Identity Marketing/Personalized Discounts
With identity marketing, you extend a personalized offer exclusively to members of a specific consumer community, such as students, teachers, or the military. Personalized discounts are incredibly effective at building customer loyalty, driving new customer acquisition, improving your brand reputation, and engaging existing customers.
Identity marketing is a powerful tool for your marketing arsenal. When consumers receive a discount that’s tied to who they are or what they do, it creates an emotional connection and lays the foundation for ongoing marketing and engagement with targeted messaging over time (like on seasonal holidays that matter to each community). And these consumers are highly likely to share a personalized offer with other teachers (98%), military members (96%), or students (97%).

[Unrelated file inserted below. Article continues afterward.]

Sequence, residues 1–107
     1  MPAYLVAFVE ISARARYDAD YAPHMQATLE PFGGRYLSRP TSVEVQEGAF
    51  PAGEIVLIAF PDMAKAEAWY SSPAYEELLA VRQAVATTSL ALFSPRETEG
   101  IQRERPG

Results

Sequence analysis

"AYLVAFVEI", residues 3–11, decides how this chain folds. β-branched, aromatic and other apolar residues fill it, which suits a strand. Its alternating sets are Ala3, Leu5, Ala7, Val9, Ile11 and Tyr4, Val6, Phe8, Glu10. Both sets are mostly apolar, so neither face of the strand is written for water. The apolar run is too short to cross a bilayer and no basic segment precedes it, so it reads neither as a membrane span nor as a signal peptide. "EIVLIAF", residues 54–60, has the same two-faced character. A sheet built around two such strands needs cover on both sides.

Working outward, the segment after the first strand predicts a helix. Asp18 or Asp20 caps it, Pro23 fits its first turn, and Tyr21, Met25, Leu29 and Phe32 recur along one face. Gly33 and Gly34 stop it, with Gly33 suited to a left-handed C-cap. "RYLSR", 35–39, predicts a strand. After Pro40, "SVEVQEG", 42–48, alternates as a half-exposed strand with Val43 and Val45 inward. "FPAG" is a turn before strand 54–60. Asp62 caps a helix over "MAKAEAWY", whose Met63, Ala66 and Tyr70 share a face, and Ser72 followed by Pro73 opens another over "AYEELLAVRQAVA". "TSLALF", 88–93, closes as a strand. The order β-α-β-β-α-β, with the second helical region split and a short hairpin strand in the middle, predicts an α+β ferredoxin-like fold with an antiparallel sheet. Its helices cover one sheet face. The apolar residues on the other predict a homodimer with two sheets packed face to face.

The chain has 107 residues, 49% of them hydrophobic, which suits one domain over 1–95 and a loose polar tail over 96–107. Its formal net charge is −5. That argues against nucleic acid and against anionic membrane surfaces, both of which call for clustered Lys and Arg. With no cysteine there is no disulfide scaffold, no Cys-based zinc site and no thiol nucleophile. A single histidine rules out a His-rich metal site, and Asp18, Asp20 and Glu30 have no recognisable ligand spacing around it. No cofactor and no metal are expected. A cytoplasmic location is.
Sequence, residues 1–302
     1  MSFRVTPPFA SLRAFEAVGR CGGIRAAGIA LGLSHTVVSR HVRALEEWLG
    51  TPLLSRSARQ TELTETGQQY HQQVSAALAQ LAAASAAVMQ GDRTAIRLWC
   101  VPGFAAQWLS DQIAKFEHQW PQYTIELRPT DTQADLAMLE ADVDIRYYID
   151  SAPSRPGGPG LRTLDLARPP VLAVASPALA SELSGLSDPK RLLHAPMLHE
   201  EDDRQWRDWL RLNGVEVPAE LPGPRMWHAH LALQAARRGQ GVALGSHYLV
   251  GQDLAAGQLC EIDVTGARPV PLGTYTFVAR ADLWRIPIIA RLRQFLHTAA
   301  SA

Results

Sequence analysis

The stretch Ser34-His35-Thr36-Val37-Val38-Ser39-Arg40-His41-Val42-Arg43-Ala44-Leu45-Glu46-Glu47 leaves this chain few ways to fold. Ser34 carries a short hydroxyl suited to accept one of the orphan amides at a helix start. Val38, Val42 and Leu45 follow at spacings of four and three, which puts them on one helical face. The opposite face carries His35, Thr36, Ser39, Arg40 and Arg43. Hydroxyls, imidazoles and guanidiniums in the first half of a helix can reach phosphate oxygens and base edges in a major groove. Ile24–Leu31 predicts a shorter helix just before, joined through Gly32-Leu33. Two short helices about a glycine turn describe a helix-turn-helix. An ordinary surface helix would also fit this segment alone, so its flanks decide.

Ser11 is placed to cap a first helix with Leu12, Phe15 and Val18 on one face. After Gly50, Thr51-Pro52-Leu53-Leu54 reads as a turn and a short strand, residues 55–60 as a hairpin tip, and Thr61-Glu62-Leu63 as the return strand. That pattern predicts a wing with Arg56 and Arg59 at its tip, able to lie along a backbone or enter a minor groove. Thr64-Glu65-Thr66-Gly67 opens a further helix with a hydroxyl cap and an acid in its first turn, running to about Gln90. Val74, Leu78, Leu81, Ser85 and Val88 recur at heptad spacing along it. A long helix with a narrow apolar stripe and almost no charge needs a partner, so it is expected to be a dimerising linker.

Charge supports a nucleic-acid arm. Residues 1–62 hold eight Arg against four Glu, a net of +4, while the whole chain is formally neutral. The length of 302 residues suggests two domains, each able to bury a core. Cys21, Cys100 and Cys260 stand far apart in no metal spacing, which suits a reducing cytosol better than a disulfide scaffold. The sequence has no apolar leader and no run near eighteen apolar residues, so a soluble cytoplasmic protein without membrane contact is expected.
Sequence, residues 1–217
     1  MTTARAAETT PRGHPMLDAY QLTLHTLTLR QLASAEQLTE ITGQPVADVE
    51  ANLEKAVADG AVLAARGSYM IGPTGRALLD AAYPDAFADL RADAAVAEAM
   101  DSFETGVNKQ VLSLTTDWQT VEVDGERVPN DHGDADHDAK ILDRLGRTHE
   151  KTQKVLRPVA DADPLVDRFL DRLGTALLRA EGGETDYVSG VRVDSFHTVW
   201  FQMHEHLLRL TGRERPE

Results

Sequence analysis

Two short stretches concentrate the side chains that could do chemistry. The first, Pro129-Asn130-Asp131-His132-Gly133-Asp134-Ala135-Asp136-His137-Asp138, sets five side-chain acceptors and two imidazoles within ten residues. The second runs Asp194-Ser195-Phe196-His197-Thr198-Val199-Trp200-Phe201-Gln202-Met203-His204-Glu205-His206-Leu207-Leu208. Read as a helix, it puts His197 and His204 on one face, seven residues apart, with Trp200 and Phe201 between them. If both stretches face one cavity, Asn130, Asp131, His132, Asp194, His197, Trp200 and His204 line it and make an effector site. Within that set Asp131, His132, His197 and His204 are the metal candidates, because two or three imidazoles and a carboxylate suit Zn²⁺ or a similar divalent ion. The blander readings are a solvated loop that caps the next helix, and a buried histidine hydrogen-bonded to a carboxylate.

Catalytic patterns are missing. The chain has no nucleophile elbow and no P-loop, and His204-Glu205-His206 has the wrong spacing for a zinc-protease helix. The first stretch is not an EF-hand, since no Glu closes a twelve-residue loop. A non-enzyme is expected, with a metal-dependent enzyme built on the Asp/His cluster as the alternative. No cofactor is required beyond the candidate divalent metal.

- ASICS increased conversions by 100% and increased average order value by $12 through its identity marketing program
- Comcast saw a 6x increase in subscriptions and 91% increase in conversions with its Xfinity student offer
- Headspace brought in 25k new subscribers with its personalized offer for teachers
When done correctly, personalized offers and discounts can be among the most secure and protected from abuse. Digital identity verification technology, such as SheerID, can ensure only eligible consumers are able to redeem your offer. This allows you to extend more generous discounts and promote them widely, showing your brand’s support for respected communities while driving customer acquisition and sales.